Thursday, September 22, 2011

Axle Wood - Anogeissus latifolia

Anogeissus latifolia is a tree that grows up to 33 meters high. The leaves are elliptic-obtuse, entire, rounded at both ends. The flowers are greenish yellow, with minute globular heads on short stalks axillary. The fruits are small, yellowish brown or reddish brown, glossy, beaks, wings, and a top seed. Its seed is wedge-shaped.
Common NameAxle-wood tree, gum ghatti, Indian gum, Dhaura, Dhausa, Dhau, Dhawra, Dhow, Bakla, Dindal, Dinduga, Vellay naga, Chiriman.
Scientific synonyms: 
Conocarpus latifolia. In the Himalayas, Axle-wood of the tree is located at altitudes up to 1300 m. On deep soils it can become a great tree, with bole to 15 m long. The leaves are fed to silkworms. The species is native to the semi-arid areas of India. It is hardy, drought easily damaged by fire. Mentioned as an agroforestry species possible.
Environmental requirements:Environmental requirements: Altitude: 1200 m Mean annual temperature: 44 ° C. Average annual rainfall: 625-2250 mm Soil type: Found on a variety of soil types but prefers deep alluvial soils. Does not tolerate water logging.
Phenology:Phenology: In India, A. latifolia is leafless in February-May Flowering: June to September depending on the locality, and the ripe fruits are present from December to March. Leaf flushing begins in the dry season, reaching a peak time before the rains start.
Silvicultural traits:Silvicultural characters: The tree is definitely an applicant if the light seedlings and saplings can withstand some shade. The tree is fairly drought resistant. The plants, however, get killed year after year in dry localities, but have good recuperative powers. It is not very soft gel. It coppices well and tadpoles, but a large seasonal variability is exhibited in the coppicing and pruning. It is susceptible to fire damage and navigation.
Natural regeneration:Natural regeneration: Natural regeneration of A. latifolia occurs through seed and coppice. Requirements for the establishment of natural regeneration is sufficient light, moisture, good drainage and the lack of thick weeds or in growth. Coppicing is invoked to regenerate the natural stands of coppice shoots grow quickly. Dilution of coppice shoots is necessary, as the number of coppice growth is usually produced by more than two.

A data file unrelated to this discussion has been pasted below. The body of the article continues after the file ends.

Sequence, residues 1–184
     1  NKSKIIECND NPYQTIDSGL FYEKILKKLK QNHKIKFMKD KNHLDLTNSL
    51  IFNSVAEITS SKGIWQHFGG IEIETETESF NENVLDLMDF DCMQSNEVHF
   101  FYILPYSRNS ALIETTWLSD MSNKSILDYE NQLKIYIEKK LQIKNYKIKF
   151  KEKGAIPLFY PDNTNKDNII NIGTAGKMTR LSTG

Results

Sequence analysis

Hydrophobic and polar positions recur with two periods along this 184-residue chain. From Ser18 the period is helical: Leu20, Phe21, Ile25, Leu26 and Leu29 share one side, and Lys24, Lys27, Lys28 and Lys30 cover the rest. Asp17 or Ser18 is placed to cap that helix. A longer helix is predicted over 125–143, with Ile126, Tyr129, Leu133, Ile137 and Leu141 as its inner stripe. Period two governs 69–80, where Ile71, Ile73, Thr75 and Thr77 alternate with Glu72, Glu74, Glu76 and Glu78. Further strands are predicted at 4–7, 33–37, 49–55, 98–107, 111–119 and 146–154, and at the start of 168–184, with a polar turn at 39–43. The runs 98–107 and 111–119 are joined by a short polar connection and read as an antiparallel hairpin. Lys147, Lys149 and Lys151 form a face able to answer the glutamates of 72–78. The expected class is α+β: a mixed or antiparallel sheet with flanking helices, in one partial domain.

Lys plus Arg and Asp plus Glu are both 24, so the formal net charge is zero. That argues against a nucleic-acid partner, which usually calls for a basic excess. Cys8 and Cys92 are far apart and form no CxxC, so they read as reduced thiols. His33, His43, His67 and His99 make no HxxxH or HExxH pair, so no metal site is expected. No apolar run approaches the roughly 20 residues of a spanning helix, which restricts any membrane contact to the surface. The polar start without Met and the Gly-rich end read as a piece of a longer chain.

Artificial reproduction:Artificial reproduction: not much work has been done on the artificial reproduction of this species. It can be raised by planting nursery raised plants or strains.
Nursery techniques:Nursery techniques: stem, usually with 22 cm and the root portion of 5 cm of shooting are prepared from plants two years old. After preparation of jute are wrapped in a damp cloth to prevent drying. The strains are refreshed before planting to remove any dried bits of the shoot and root.
Planting techniques and maintenance:Planting and maintenance techniques: Planting is done in July and August after the onset of monsoon rains. Planting seedlings or stem is in pits of size 30 cm 3 pits dug in advance at a spacing of 3 * 3m. Although the use of bare seed for planting, the seedlings must be torn from the nursery beds with balls of earth, carefully wrapped and transported and planted.
Good rainfall after planting ensures good survival rate. Planting operations should be suspended if no rain is expected for a few days of planting. Bush cutting and weeding are necessary to prevent the removal of seedlings. The planting areas are in need of protection against pests and fire.
Silvicultural treatment:Silvicultural treatment: It worked only as a component of mixed forest species coppice under standards. However, this tree often cut in the interest of the most valuable species such as teak and sal in the slaughter of selection and breeding. Short rotation coppice method is adopted for the harvest of young tender leaves and shoots are rich in tannin.
Seeds are sown densely on raised beds, the soil being mixed with large amounts of coarse sand. The bed is well shaded and 45 cm above the ground. Germination is fairly rapid. The plants are highly susceptible to insect attack. The development of plants is very slow.
Rotation and performance:Rotation and performance: This is a slow growing tree species, even slower in drier locations. Growth in the phase of saplings and pole is relatively faster than in the seedling stage. Stem sections show approximately four rings per cm radius. The harvest of coppice growth rate exhibits faster than seedlings. Once established in natural forests under some form of coppice management, meaning average annual increase of about 1.5 m 3 per ha per year.
Uses:Uses: It is one of the most useful trees in India. Its leaves contain large amounts of tannins, and are used in India for tanning. The tree is the source of Indian gum, also known as gum ghatti, which is used for the printing of banners and other uses. The leaves are also fed by moth Antheraea paphia producing silk Tussah (Tussah), a type of wild silk of commercial importance. Used in the treatment of snake bites and scorpion stings in India. Apiculture: The flowers are an important source of pollen for bees.
Pests and diseases:Pests and diseases: The sapwood is susceptible to Lyctus. Sarcinelli apocynacearum, S. combratcearum, Tripospermum caseariae and T. lougurensis ectoparasites are fungi associated with living leaves. The two dead and dying trees are attacked by stem borers, and Olenecamptus anogeissi Olenecamptus indianus.